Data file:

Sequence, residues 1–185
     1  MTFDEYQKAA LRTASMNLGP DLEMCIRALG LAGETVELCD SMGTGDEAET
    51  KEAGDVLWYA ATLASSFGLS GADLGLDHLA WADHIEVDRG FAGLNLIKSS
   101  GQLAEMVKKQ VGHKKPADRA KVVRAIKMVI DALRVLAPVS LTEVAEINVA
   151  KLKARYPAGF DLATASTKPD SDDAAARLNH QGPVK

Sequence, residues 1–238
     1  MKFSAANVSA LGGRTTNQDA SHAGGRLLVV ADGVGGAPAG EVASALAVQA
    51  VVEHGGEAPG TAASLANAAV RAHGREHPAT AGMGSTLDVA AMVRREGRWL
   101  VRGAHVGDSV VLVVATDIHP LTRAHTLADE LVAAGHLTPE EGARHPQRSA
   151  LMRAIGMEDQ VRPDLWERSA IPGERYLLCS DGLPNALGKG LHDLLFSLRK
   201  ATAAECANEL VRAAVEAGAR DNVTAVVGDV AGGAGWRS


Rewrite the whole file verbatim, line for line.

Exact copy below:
Sequence, residues 1–185
     1  MTFDEYQKAA LRTASMNLGP DLEMCIRALG LAGETVELCD SMGTGDEAET
    51  KEAGDVLWYA ATLASSFGLS GADLGLDHLA WADHIEVDRG FAGLNLIKSS
   101  GQLAEMVKKQ VGHKKPADRA KVVRAIKMVI DALRVLAPVS LTEVAEINVA
   151  KLKARYPAGF DLATASTKPD SDDAAARLNH QGPVK

Sequence, residues 1–238
     1  MKFSAANVSA LGGRTTNQDA SHAGGRLLVV ADGVGGAPAG EVASALAVQA
    51  VVEHGGEAPG TAASLANAAV RAHGREHPAT AGMGSTLDVA AMVRREGRWL
   101  VRGAHVGDSV VLVVATDIHP LTRAHTLADE LVAAGHLTPE EGARHPQRSA
   151  LMRAIGMEDQ VRPDLWERSA IPGERYLLCS DGLPNALGKG LHDLLFSLRK
   201  ATAAECANEL VRAAVEAGAR DNVTAVVGDV AGGAGWRS